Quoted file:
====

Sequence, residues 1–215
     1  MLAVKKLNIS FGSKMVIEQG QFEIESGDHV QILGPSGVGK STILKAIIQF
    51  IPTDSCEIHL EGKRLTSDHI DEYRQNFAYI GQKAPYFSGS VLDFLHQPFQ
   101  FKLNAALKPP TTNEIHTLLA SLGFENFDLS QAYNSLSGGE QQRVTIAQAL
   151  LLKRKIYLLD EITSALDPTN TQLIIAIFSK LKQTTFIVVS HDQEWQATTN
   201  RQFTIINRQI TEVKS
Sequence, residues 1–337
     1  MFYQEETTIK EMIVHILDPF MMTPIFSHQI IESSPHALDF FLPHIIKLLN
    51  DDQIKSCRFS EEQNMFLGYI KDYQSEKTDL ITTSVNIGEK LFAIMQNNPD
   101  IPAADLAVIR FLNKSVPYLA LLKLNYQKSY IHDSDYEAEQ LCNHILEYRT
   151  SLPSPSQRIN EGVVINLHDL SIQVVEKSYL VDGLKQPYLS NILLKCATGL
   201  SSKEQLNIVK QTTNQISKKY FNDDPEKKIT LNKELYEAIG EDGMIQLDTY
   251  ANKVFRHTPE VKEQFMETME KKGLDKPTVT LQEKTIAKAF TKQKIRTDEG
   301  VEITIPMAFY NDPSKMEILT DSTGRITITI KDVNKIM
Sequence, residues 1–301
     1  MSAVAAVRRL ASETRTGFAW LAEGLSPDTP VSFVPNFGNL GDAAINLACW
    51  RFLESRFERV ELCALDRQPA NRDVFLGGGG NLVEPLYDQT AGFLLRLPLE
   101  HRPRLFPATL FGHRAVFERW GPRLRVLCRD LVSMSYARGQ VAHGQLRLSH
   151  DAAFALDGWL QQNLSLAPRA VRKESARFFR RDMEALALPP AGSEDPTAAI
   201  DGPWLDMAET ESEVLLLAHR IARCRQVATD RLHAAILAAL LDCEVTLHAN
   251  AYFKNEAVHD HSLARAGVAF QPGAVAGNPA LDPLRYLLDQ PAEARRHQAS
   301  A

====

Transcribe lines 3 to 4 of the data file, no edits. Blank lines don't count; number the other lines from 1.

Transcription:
    51  IPTDSCEIHL EGKRLTSDHI DEYRQNFAYI GQKAPYFSGS VLDFLHQPFQ
   101  FKLNAALKPP TTNEIHTLLA SLGFENFDLS QAYNSLSGGE QQRVTIAQAL